Gary Lineker says Jose Mourinho would get more out of an average team than Pep Guardiola – so we decided to put that theory to the test on Football Manager, putting the Manchester United and Manchester City managers in charge of Huddersfield and Brighton.
Despite describing Guardiola as a “genius”, Lineker told us recently he believes Mourinho’s methods would transfer much better than the Catalan’s if asked to manage one of the lesser lights in the Premier League.
“I suspect if they were both working at the bottom end of the Premier League, Mourinho may be a little better in terms of getting results from lesser quality players,” he said. “Could Guardiola do what he is doing now if he was in charge of Huddersfield Town? I’m not so sure.”
It’s highly unlikely we’ll ever find out, of course, so we decided to do the next best thing and see what would happen if Mourinho took charge of Huddersfield and Guardiola was given the Brighton job. To make things more fun, we sent David Wagner and Chris Hughton the other way.
What could we reasonably expect from these managerial titans at these newly-promoted sides? Survival should be the absolute minimum, and a decent cup run or a top-half finish would be a sign of an exceptional managerial performance.
And as managers regularly sign up for long-term “projects” – that somehow never seem to last for more than a few years – it’s only fair to run the simulation for more than just one season to see what they can get out of a second pre-season and an additional transfer window or two.
First things first, of course, they need to get some points on the board.
It proves to be easier said than done: after the first three matches, Brighton are still winless with only one point to their name, while Huddersfield languish in 14th with only three.
At the other end of the table, both United and City get off to a flying start, maintaining a 100% record. There’s quite the overlap between these events: City got six points from our two featured sides, and Brighton’s sole achievement so far was a creditable 2-2 draw at Chelsea.
Mourinho had a good reason to rail against the fixture list, citing a “conspiracy against newly promoted teams”, considering they also had to face City and Chelsea in their opening games.
But fast forward to January 2018 and the table makes for very different viewing…
The first thing to note is Wagner’s United side are running away with the league, with Hughton somewhat under-performing in charge of City, who are third behind Arsenal.
At the other end, Brighton’s players prove incapable of adapting to tiki-taka and are now five points away from safety, while Huddersfield have got a three-point cushion to work with but are are also still very much under fire.
The FM derby between the two sides perfectly fit the Mourinho blueprint with a narrow 1-0 win at home thanks to a header in the 89th minute, but it has not been all plain sailing for the Portuguese manager.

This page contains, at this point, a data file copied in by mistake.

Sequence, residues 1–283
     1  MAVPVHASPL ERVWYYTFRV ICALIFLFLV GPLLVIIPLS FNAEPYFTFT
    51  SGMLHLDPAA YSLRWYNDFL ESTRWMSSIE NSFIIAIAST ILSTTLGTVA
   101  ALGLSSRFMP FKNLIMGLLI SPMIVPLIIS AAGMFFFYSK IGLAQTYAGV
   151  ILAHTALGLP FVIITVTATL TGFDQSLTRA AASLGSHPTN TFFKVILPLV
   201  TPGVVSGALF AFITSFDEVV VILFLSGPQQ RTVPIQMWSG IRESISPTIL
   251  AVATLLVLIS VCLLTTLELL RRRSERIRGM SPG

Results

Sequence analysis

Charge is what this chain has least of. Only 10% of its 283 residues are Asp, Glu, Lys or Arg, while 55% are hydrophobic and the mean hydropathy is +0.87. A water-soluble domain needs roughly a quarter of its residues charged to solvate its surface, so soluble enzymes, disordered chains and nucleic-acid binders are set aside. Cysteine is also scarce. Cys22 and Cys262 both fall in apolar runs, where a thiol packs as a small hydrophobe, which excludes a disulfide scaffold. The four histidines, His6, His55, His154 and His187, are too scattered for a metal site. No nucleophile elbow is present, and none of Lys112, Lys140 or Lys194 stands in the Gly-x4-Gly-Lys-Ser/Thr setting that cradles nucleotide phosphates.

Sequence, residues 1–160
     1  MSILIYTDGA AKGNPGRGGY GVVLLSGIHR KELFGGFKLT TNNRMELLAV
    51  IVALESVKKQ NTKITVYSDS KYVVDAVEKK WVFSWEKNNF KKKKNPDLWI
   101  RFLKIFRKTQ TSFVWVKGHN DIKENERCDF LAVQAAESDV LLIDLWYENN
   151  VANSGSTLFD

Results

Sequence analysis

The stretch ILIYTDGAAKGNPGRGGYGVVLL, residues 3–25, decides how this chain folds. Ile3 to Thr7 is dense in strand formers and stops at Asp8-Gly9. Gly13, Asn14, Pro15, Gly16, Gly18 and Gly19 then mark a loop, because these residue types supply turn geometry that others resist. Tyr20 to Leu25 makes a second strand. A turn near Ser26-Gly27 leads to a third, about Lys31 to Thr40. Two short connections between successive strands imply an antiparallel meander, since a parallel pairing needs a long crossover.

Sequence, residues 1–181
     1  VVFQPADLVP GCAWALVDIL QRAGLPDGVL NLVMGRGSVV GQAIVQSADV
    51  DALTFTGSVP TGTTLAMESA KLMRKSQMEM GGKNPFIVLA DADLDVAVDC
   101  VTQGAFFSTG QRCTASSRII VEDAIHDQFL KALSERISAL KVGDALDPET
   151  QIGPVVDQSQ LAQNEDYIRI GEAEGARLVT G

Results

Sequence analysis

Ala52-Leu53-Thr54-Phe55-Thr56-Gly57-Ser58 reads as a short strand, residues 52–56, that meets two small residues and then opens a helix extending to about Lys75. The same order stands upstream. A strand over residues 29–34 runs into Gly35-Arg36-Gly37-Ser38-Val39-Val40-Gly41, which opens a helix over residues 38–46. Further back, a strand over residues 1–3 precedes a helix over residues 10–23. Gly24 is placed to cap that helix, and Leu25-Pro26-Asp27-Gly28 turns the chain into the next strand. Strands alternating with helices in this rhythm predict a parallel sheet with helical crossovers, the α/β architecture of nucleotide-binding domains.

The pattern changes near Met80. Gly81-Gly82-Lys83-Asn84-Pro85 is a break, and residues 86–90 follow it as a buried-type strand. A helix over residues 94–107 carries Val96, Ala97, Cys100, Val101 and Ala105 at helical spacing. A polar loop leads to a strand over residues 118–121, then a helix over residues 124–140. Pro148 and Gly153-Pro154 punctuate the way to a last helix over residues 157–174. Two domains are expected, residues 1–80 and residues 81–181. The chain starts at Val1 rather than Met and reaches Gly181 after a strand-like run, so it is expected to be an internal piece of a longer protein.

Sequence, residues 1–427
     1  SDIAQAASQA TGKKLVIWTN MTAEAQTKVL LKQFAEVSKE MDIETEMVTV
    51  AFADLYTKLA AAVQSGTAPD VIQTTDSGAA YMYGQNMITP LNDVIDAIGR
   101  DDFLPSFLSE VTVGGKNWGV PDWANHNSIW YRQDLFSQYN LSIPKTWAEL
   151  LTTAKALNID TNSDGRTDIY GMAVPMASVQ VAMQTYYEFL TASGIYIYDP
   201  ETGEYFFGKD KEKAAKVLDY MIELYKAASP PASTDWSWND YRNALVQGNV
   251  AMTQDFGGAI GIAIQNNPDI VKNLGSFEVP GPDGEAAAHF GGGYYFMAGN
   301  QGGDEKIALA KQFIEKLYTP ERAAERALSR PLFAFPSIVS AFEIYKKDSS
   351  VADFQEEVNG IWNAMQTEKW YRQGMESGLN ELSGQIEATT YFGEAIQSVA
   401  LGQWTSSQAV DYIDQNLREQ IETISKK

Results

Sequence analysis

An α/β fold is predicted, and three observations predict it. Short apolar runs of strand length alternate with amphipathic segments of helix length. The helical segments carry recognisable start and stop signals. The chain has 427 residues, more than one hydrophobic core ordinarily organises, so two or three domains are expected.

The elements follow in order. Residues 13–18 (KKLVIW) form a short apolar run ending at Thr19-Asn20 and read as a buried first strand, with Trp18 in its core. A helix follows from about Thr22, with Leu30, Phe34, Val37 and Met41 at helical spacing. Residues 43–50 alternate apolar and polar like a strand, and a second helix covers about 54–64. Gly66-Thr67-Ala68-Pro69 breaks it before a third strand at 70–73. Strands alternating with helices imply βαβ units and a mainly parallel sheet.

Mourinho followed up a rocky start in the league by winning three and drawing two, putting the team in a very respectable position by mid-October. However, he has not managed to win a single game since then, and while five draws kept his side afloat, his position is far from secure.
Whatever you think of Mourinho’s ability to turn things around once they go sour, it’s guaranteed he’s got a better chance of managing than Pep.
Why, you ask? Because the Catalan has already been sacked by Brighton only 180 days into his tenure. While his record is not that much worse than Jose’s (23% win percentage versus 25%), the relegation race has reached a point where the board were forced to make a decision.
A shocking move: even if he lost the dressing room, who are you going to bring in who could realistically be an improvement on Pep Guardiola?
They actually went for Aitor Karanka. I’m not making this up.
In the end, not even Karanka’s managerial genius was enough to keep the Seagulls in the Premier League, but Mourinho successfully reached the fabled 40-pont mark, turning quite the corner in January.
Huddersfield ended the season in 16h place, despite their massive slump in late 2017, and there were reasons to be optimistic about their future performances as well.
David Wagner and Manchester United, meanwhile, never looked back, finishing the season on 83 points, nine points clear of Manchester City in second.
Then Arsenal hired Guardiola to replace Arsene Wenger, and everything turned upside down.
Hughton couldn’t survive another half a season’s worth of lacklustre league performances and was promptly sacked by City, who were no doubt casting envious eyes at the Gunners’ reinvigorated performances and questioning why they accepted this managerial switch-a-roo in the first place.
Mourinho’s performance, meanwhile, has been overshadowed by Pep, as even though he has managed to guide his side to eighth place in the league by January, he is still nineteen points behind the Catalan.
“I think we all saw what his performances are like when he is on even footing with me” – he said in a press conference before their game, and while the media was all over this latest instance of his mind games, his team couldn’t hold onto a 1-0 lead against the Gunners, conceding three goals in the second half.
However, the good times run out for Pep in the second half of the season…
In the end, Arsenal finished fifth in an incredibly competitive season, got knocked out in the round of 16 in the Champions League and didn’t manage to win a domestic cup, leaving Guardiola in a precarious position.
Wagner, meanwhile, was one point away from making a miraculous recovery in the league, with a 1-1 draw at home against Liverpool in the final game of the season costing United the title.
As for Huddersfield, it seems like Mourinho has managed to establish them as a credible mid-table side in two years. Perhaps we can excuse the 38-point deficit behind Pep…
By Luci Kelemen